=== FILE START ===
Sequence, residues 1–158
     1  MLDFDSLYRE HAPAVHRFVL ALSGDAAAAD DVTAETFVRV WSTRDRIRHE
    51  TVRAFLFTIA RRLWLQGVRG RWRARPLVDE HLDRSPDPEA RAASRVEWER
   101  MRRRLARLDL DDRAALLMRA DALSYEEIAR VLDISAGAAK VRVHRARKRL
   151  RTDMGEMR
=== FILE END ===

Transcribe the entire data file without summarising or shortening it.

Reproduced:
Sequence, residues 1–158
     1  MLDFDSLYRE HAPAVHRFVL ALSGDAAAAD DVTAETFVRV WSTRDRIRHE
    51  TVRAFLFTIA RRLWLQGVRG RWRARPLVDE HLDRSPDPEA RAASRVEWER
   101  MRRRLARLDL DDRAALLMRA DALSYEEIAR VLDISAGAAK VRVHRARKRL
   151  RTDMGEMR